This reaction from Italy halted Spain’s threat a bit, that’s until Enrique struck again. Introducing Morata and Gerard Moreno and moving Olmo wide left while Moreno stayed wide right. Their task was to move from outside to inside behind the Italian midfield.

Spain’s equalizer combined both attacking plans, Morata dropped deep to present a passing option. Then Olmo’s movement inside allowed Morata to combine with him, putting Morata in a one-versus-one situation against Donnarumma.

Denmark’s flexibility

Denmark’s four goal demolition of Wales assumes it was an easy task in the round of 16. However, in the first 15 minutes of the game Aaron Ramsey’s presence behind Denmark’s midfield duo of Thomas Delaney and Pierre-Emile Hojbjerg, and Gareth Bale’s darts inside caused problems for the Danish side.

Wales were in control of the game until Hjulmand changed the shape from 5-2-3 to 4-3-3, moving Andreas Christensen into a holding midfield role to minimize the space either Ramsey or Bale could have in front of Denmark’s defense.

The tweak worked and Denmark regained control of the game through better buildup play as well as minimizing the space for Wales between the lines.

Attacking the danger

Prior to England’s face-off against Denmark, the looming question was whether England would play in a back three to negate the attacking prowess of Denmark’s left wing-back, Joakim Maehle, or continue with the back four as seen against Ukraine’s wing-backs.

The answer was the second option and England neutralized Maehle by constantly attacking the space behind him.

In the first half it brought England the equalizer and another chance for Raheem Sterling that Kasper Schmeichel excellently saved. Then after Jannik Vestergaard won the battle in the second half by defending the space behind Maehle, Southgate upgraded the attack by moving Sterling there.

“Bukayo (Saka) had settled into the game. He started a bit nervously, but he was playing well. But we just felt Jack (Grealish) could give us even more at that moment and Raheem running at Vestergaard on the other side, that was a change we fancied seeing as well.”

Eventually, it brought England the winner as Sterling dribbled past Maehle to win a penalty which Harry Kane missed then scored the rebound to take England to the final.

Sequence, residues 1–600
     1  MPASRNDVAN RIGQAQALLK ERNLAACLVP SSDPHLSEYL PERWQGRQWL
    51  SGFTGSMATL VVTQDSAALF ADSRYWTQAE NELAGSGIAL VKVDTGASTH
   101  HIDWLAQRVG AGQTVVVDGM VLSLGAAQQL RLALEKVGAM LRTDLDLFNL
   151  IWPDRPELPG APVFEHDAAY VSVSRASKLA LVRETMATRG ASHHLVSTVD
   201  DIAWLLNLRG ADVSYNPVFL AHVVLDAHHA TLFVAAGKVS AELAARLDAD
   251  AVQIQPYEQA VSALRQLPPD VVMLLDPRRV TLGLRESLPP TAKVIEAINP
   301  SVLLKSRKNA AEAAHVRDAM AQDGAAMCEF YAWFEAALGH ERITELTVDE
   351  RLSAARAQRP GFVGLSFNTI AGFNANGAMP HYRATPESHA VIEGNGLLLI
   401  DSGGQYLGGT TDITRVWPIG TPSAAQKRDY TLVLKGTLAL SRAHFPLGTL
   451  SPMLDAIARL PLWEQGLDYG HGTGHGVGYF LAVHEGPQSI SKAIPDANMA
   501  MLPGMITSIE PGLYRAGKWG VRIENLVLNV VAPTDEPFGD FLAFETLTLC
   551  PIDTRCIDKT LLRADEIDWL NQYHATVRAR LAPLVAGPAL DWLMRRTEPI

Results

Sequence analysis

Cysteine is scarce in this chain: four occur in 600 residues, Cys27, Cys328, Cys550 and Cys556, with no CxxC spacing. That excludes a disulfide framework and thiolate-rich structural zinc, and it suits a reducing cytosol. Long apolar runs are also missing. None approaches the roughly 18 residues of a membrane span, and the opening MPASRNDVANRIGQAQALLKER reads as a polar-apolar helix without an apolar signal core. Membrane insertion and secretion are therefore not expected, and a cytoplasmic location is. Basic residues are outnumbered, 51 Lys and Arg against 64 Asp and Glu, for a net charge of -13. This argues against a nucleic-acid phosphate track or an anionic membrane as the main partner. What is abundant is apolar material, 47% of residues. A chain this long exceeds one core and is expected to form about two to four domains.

Roberto Mancini’s changes bring Italy back from the dead

45 minutes final, England were lauded for their defensive display. Restricting Italy to low quality chances and defending the channels from where Lorenzo Insigne and Barella scored against Belgium in the quarter-finals.

England were helped by Immobile’s lack of movement towards the ball. Meaning that the space between Kalvin Phillips and Declan Rice wasn’t attacked and Italy’s attacks through the channels were neutralized.

Substituting Immobile was inevitable and in the 55th minute Mancini introduced Domenico Berardi and Bryan Cristante instead of Immobile and Barella, moving Insigne into a central position. Insigne dropped and tried to link play from behind England’s midfield duo of Phillips and Rice.

That was not the only tweak though. Giorgio Chiellini pushed forward from the left side, putting Sterling in an uncomfortable position. If Sterling moved up to press Verratti, there’s a clear pass into the unmarked Chiellini. As a result, Sterling sat deep, unable to move forward to press Verratti.

As for Phillips and Rice, the constant presence of Insigne behind them prevented them from moving forward to press Verratti. The Italian midfielder had total control of the play.

Through these minimal adjustments Italy got the upper hand and constant pressure finally led to the equalizer before penalty shoot-outs saw them crowned as European champions for the second time in their history.